The Summer House.

A poem by Hattie Howard

Midway upon the lawn it stands,
So picturesque and pretty;
Upreared by patient artist hands,
Admired of all the city;
The very arbor of my dream,
A covert cool and airy,
So leaf-embowered as to seem
The dwelling of a fairy.

It is the place to lie supine
Within a hammock swinging,
To watch the sunset, red as wine,
To hear the crickets singing;
And while the insect world around
Is buzzing - by the million -
No wing├Ęd thing above the ground
Intrudes in this pavilion.

It is the place, at day's decline,
To tell the old, old story
Behind the dark Madeira vine,
Behind the morning glory;
To confiscate the rustic seat
And barter stolen kisses,
For honey must be twice as sweet
In such a spot as this is.

It is the haunt where one may get
Relief from petty trouble,
May read the latest day's gazette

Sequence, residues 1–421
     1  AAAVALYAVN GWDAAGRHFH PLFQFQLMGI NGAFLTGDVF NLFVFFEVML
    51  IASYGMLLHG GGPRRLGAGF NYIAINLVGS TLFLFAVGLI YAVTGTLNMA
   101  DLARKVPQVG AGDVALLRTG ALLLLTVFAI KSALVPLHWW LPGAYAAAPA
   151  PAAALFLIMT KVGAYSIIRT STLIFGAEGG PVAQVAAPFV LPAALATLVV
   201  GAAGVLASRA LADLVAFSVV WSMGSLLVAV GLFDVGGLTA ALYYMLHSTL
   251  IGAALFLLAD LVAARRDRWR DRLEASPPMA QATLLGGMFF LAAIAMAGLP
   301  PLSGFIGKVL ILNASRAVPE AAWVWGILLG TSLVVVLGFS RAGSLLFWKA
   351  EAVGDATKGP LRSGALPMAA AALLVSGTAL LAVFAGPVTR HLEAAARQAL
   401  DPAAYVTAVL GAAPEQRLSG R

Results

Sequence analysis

About the "Klondike" bubble:
How shanties rise like golden courts.
Where sheep wear glittering fleeces,
How gold is picked up - by the quartz -
And all get rich as Croesus.

Here hid away from dust and heat,
Secure from rude intrusion,
While willing lips the thought repeat,
So grows the fond illusion:
That happiness the product is
Of lazy, languid dozing,
Of soft midsummer reveries,
Half-waking, half-reposing.

And here in restful interlude,
Life's fallacies forgetting,
Its frailties - such a multitude -
The fuming and the fretting,
Amid the fragrance, dusk, and dew,
The happy soul at even
May walk abroad, and interview
Bright messengers from Heaven.

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